As she wrote the new name, Elsa excitedly pointed back at AMOS.
“Yes,” Josephine said. “And look. Abraham has the letter A in his name three times.”
With that, she began to explain how the letters connected with one another in the words.
By the time Elsa left, her head was full of stories: Abraham’s journey to a new land, the prophets and their adventures, and many more. She promised to come back every day after work.
It was very late when she returned to her tenement. The building was dark. She was exhausted and hungry after her long walk but didn’t expect any dinner. Josephine had offered her food, but she had been taught not to accept charity.
The apartment was quiet when she entered. Her father slept, and Sonja pretended to sleep. But Nina was waiting up for her.
Elsa endured the belt in silence. It didn’t anger her. She had been rebellious and deserved it; it was her mother’s right to punish her. What angered her was that her father didn’t even seem to notice her absence. Her mother cared—and was worried. That was why she punished her.
Elsa’s heart went out to her mother as she took her whipping. How hard it would be to feel she was losing control over her life after working so hard for a stable family. Elsa was just beginning to work toward her own dreams.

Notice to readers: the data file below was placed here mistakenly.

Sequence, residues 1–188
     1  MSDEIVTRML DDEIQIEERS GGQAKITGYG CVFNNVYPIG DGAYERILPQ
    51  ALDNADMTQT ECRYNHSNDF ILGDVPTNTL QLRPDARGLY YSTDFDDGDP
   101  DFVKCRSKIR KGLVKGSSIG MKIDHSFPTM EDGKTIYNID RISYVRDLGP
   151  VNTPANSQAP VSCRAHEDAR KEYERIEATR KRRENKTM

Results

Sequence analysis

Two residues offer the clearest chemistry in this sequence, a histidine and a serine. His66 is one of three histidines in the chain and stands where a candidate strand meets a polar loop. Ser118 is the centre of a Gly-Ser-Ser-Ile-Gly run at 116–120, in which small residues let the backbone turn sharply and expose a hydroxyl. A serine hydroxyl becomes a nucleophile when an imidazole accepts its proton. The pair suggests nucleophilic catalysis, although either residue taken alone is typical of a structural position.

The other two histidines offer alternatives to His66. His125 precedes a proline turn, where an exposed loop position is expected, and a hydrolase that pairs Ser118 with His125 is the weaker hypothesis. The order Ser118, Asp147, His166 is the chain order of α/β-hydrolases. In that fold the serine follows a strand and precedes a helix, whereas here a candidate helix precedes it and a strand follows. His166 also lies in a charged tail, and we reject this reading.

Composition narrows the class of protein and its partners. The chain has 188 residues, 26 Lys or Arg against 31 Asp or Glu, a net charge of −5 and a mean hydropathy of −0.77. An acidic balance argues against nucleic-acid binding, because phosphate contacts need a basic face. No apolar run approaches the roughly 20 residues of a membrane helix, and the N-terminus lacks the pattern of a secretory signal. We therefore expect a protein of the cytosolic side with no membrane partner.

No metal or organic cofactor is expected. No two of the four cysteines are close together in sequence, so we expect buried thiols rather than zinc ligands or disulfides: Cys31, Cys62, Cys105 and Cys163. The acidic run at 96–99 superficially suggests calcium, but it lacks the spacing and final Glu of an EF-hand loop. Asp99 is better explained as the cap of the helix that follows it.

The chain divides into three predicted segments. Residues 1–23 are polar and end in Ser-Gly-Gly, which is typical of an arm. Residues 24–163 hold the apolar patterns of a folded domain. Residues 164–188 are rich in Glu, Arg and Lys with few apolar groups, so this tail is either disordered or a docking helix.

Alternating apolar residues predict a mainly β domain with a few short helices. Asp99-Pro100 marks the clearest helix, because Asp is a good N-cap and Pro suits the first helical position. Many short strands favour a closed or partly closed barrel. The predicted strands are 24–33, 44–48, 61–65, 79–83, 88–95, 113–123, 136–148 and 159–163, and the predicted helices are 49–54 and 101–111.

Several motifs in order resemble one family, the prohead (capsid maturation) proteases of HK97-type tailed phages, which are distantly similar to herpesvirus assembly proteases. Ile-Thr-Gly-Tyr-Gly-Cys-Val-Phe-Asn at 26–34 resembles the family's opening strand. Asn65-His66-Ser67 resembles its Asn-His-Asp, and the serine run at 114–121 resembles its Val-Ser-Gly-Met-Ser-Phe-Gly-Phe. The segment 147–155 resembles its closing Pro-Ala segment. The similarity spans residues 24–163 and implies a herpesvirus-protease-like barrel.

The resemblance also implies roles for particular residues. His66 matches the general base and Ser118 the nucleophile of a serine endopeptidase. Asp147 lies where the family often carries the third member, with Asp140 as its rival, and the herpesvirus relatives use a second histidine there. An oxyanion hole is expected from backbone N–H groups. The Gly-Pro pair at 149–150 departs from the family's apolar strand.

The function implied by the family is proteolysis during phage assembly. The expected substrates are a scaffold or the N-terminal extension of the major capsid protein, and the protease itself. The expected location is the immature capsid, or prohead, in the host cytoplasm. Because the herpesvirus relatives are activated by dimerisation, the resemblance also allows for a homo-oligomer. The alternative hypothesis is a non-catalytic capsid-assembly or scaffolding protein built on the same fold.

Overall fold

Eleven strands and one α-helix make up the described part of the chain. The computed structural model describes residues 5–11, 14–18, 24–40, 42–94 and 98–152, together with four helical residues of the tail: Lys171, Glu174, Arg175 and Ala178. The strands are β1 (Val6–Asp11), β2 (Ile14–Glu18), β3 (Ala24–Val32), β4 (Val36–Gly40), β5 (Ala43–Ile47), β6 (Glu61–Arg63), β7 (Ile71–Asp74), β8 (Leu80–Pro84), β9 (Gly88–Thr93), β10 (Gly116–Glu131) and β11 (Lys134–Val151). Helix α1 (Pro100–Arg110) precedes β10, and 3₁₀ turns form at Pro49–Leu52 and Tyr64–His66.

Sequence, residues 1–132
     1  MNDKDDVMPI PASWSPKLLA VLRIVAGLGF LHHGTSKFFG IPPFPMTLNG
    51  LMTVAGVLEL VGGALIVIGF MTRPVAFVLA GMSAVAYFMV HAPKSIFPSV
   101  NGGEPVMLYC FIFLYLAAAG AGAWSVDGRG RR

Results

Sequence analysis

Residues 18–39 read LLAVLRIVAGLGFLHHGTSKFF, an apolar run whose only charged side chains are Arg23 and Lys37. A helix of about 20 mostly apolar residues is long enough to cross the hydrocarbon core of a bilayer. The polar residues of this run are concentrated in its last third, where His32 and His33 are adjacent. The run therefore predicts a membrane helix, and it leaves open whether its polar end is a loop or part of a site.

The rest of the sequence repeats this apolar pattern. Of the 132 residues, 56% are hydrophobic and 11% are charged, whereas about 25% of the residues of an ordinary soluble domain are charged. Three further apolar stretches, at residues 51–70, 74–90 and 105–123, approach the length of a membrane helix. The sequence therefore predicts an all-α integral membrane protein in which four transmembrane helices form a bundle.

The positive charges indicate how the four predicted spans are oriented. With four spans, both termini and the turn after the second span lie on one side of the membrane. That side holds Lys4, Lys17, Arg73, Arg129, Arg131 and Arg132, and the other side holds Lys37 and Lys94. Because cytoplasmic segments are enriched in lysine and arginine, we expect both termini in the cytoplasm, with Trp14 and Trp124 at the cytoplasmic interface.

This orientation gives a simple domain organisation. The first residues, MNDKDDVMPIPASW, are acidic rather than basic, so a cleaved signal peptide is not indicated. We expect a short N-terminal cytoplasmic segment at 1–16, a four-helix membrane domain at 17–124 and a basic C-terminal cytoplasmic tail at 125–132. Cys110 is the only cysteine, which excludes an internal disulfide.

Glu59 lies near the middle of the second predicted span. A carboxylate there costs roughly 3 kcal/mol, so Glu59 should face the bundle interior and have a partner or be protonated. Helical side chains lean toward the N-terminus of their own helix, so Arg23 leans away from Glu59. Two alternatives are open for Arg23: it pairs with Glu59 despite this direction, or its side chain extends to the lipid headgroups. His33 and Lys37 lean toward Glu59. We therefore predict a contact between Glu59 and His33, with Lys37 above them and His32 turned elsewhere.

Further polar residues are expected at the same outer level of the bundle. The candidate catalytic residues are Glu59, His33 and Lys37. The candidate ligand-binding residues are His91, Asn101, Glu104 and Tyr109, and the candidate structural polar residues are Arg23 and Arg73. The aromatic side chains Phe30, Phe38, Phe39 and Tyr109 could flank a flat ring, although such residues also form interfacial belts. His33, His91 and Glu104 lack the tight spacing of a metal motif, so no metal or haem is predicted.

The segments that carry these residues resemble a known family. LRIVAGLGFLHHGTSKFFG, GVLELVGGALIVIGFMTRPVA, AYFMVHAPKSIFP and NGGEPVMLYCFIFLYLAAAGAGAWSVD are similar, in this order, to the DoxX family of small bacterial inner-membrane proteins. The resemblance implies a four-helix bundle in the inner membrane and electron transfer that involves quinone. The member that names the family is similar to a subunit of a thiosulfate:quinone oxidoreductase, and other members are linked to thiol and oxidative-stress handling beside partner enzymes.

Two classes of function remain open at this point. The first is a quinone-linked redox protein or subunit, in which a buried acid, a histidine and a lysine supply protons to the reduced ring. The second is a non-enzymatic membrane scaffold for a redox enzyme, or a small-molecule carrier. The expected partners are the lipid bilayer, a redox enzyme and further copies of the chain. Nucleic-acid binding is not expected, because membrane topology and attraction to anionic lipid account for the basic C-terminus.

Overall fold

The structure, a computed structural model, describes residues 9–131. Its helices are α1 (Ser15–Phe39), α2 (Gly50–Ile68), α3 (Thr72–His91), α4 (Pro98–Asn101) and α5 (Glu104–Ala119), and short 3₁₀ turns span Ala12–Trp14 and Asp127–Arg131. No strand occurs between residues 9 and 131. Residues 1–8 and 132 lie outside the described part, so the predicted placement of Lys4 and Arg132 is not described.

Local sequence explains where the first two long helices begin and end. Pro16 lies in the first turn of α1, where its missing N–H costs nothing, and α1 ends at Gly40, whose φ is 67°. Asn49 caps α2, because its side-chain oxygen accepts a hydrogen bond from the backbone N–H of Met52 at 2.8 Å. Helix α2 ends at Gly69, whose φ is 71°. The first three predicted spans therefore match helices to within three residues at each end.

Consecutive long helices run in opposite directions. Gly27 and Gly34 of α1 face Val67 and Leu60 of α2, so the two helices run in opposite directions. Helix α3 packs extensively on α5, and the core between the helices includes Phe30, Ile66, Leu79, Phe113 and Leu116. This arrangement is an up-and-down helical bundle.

She stumbled into bed, exhausted and in pain, but happy. The throbbing of her back paled in comparison with the thrill of her new knowledge and the hope of new opportunities.
Once their mother was in bed in the second room, Sonja pulled out a piece of bread she had hidden under the blanket and handed it to Elsa. She accepted it gratefully. After biting off each piece, she held it in her mouth to soften it so her mother wouldn’t hear her chewing. It was enough to sustain her into the next day.
The next two nights progressed exactly the same way. Elsa came home late, endured a whipping, and supped on whatever morsel Sonja had managed to hide for her. On the fourth night the whippings ceased. By the next week, a cold meal began to appear for her, and she knew she had succeeded.

About Gregory Erich Phillips

Gregory Erich Phillips
This moving debut novel by Gregory Erich Phillips won the grand prize in the Chanticleer Reviews International Writing Competition. From a prolific literary family, Gregory tells aspirational stories through strong, relatable characters that transcend time and place. Living in Seattle, Washington, he is also an accomplished tango dancer and musician.
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Tour Schedule

Follow the Book Tour: February 26 - March 17, 2018.
Visit each tour stop daily and discover more features, excerpts, reviews, interviews, fun facts and more!
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To check the latest tour schedule, visit the Love of Finished Years Book Page at Book Unleashed.


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Contest runs from February 26 - March 17, 2018.